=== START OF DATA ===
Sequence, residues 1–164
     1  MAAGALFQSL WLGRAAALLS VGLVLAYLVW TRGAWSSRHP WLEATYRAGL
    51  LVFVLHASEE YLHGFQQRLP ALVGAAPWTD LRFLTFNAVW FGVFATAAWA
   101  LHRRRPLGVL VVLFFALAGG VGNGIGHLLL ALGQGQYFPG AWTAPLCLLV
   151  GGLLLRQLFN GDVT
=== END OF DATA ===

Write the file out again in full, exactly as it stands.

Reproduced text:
Sequence, residues 1–164
     1  MAAGALFQSL WLGRAAALLS VGLVLAYLVW TRGAWSSRHP WLEATYRAGL
    51  LVFVLHASEE YLHGFQQRLP ALVGAAPWTD LRFLTFNAVW FGVFATAAWA
   101  LHRRRPLGVL VVLFFALAGG VGNGIGHLLL ALGQGQYFPG AWTAPLCLLV
   151  GGLLLRQLFN GDVT